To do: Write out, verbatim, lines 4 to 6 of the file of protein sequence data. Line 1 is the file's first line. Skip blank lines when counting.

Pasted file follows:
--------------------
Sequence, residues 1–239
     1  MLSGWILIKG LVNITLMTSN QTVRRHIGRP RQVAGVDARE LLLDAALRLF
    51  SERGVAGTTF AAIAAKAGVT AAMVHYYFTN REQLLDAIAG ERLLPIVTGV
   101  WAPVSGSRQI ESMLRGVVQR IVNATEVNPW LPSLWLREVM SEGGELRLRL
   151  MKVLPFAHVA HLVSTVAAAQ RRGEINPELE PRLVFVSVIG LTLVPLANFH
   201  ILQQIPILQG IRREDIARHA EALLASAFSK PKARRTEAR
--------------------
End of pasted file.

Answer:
   101  WAPVSGSRQI ESMLRGVVQR IVNATEVNPW LPSLWLREVM SEGGELRLRL
   151  MKVLPFAHVA HLVSTVAAAQ RRGEINPELE PRLVFVSVIG LTLVPLANFH
   201  ILQQIPILQG IRREDIARHA EALLASAFSK PKARRTEAR